# In a spherically symmetric central potential why do we look for eigenfunctions of the angular momentum operator?

Well, to put it shortly, it's just because $$L^2$$ and $$L_z$$ are two observables that have no $$r$$ dependence. Since the kinetic terms of $$H$$ can be written as functions of $$r$$ and $$L^2$$, and the potential depends only on $$r$$, it is clear that the Hamiltonian commutes with the angular momenta. As such, it makes sense to write down $$Y$$ in terms of these two.

But if we'd like to go a little deeper, it is a bit related to representation theory. The fact that $$L^2$$ and $$L_z$$ form a complete description of vector rotations (they represent the Lie algebra $$\mathfrak{so}(3)$$ of the Lie group $$\mathrm{SO}(3)$$) and therefore are the most natural way to express the angular dependence of a rotation-invariant space in terms of orthonormalizable functions.

After reading @ZeroTheHero 's comment, i figured it would be instructive to provide some intuition as to why angular momentum does not depend on radius. Remember the classical definition

$$\mathbf L=\mathbf r\times\mathbf p$$

Let's then give and estimate of $$L$$. Suppose an atom or something has some characteristic radius $$R$$, and the electron moves with some characteristic momentum $$p$$. Then we estimate

$$L\sim Rp$$ But the de Broigle relation gives us an estimate of momentum in terms of the characteristic length

$$p\sim\frac{h}{R}$$

Where $$h$$ is Planck's constant. As such, out estimate for angular momentum amounts to

$$L\sim h,$$

Which has no explicit dependence on characteristic lengths of the system. As such it is reasonable to say it has no $$r$$ dependence, even though I've not given a rigorous proof.

One objective of quantum mechanics is to fully labelled states of the system. In some cases energy is not enough: for instance in the hydrogen atom some energy levels occur more than once; the same happens in the 3d harmonic oscillator. In such cases, simply giving the energy is not enough to completely identify the state so we look for other quantum numbers'' to refine the identification.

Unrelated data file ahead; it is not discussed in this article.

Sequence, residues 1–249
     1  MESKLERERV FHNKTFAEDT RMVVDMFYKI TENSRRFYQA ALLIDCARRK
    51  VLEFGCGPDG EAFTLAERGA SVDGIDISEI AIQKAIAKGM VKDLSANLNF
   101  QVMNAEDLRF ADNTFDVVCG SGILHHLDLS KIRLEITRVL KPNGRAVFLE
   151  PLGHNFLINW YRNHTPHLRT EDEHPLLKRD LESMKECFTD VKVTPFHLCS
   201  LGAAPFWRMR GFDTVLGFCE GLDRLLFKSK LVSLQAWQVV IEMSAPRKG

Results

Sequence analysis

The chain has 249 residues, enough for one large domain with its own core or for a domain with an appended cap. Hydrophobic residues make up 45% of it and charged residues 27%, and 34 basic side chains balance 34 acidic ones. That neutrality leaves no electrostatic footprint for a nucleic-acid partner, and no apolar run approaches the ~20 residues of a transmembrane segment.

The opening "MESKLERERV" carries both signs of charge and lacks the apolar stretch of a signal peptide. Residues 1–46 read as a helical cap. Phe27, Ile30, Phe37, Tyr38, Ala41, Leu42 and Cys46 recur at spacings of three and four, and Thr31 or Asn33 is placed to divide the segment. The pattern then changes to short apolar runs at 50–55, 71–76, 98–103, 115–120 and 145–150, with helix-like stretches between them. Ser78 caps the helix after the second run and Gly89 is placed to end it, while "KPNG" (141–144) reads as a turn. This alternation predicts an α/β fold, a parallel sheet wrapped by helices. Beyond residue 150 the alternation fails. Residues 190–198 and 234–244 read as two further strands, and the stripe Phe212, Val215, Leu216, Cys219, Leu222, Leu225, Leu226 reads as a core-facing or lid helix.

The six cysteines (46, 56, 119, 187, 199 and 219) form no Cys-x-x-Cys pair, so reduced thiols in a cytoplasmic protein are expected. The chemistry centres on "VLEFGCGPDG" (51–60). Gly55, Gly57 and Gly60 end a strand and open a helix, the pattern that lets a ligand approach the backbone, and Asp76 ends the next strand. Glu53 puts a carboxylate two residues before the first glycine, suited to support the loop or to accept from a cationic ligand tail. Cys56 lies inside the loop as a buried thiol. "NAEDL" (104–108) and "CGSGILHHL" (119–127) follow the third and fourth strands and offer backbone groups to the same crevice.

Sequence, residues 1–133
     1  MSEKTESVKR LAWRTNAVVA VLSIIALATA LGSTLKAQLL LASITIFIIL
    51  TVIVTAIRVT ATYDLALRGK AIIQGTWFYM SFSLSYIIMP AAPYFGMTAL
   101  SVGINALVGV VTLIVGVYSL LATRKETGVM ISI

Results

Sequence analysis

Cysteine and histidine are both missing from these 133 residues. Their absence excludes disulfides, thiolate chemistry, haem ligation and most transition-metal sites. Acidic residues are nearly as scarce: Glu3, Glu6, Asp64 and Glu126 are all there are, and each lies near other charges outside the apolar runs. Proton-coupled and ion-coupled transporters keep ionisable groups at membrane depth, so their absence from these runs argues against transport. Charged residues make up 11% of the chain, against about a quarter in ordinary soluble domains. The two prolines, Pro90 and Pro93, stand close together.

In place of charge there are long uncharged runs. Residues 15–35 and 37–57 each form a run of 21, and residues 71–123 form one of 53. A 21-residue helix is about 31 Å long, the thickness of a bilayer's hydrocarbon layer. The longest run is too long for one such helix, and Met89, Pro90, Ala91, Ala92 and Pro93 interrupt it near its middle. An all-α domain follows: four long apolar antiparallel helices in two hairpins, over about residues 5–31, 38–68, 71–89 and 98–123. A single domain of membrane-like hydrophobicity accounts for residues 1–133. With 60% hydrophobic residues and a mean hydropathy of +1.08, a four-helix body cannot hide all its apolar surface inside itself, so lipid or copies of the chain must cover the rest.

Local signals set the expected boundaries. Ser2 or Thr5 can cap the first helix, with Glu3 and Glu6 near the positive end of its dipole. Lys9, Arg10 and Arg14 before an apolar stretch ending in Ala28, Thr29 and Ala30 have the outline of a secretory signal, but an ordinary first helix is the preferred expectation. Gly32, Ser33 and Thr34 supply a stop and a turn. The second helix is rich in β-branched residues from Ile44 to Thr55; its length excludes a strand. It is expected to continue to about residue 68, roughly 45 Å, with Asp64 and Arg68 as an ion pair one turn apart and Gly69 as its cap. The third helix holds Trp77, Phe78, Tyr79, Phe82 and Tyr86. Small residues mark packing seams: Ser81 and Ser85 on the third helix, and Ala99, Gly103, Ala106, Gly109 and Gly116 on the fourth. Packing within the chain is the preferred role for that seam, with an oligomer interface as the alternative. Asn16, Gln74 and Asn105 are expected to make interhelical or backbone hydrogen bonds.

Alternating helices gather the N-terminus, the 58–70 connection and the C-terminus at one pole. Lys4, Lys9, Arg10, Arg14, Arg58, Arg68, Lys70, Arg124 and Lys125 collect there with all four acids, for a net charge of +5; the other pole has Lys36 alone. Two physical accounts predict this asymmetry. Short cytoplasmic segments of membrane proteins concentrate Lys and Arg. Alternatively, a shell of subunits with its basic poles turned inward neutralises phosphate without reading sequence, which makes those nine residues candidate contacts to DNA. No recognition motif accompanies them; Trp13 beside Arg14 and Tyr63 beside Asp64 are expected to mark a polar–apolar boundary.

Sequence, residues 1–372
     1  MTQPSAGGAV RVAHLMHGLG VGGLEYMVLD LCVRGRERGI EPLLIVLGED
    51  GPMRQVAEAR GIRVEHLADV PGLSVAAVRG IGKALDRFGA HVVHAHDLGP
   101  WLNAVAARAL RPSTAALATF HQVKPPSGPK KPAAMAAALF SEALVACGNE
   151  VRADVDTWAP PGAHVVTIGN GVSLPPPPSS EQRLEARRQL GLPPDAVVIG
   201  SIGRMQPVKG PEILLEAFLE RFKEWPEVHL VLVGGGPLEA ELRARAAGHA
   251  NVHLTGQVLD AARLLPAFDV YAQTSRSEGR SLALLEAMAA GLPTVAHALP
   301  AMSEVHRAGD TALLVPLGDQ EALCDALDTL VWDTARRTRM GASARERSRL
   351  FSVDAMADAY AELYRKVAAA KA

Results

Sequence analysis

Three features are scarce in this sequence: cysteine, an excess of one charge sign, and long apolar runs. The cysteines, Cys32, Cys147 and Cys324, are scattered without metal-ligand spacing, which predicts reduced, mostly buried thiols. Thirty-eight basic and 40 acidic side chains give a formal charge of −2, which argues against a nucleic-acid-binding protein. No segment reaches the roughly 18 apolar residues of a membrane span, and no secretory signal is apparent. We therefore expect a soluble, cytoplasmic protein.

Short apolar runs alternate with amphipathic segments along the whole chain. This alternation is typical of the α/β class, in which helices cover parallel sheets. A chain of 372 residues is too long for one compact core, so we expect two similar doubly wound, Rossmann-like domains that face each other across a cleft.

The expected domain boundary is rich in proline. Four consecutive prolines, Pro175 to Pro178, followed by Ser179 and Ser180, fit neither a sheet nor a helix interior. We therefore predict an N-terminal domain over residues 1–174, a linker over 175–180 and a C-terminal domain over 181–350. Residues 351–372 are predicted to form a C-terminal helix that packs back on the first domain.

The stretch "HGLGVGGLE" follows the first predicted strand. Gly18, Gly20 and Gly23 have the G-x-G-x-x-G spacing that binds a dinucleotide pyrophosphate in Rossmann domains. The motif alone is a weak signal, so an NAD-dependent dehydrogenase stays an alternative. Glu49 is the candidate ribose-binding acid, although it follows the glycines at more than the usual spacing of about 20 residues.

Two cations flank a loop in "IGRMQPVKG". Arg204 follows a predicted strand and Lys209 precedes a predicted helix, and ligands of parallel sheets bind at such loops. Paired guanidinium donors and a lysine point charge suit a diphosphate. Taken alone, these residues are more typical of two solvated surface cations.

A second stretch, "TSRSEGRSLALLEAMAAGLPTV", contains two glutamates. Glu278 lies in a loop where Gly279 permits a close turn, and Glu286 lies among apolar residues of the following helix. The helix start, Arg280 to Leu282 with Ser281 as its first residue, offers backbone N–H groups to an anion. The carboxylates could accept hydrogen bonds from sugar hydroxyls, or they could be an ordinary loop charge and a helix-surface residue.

Of course one would prefer to label states with constants of motion, since they are constant so what we call state $$n\ell m$$ at the start we can use the same name at the end. Hence the idea of using a complete set of commuting operators - the Hamiltonian and others that commute with it - so as to uniquely identify the quantum states with constants of motion.

Of course when the potential is spherical $$V(r)$$, what enters in the radial part of the Schrödinger equation is actually the effective potential $$V_{eff }=V(r)+\frac{\hbar^2}{2m}\frac{\ell(\ell+1)}{r^2} \tag{1}$$ and so you see that the radial Schrödinger equation actually explicitly contains an angular momentum part so it is quite natural to look for functions $$\psi(r,\theta,\phi)$$ which are also eigenfunctions $$Y^\ell_m(\theta,\phi)$$ of $$\hat L^2$$ as these will provide the correct extra factor in Eq.(1) when separating the variables. Since there are many functions $$Y^\ell_m(\theta,\phi)$$ with the same $$\hbar^2\ell(\ell+1)$$, one uses the eigenvalue $$\hbar m$$ of $$\hat L_z$$ to distinguish them.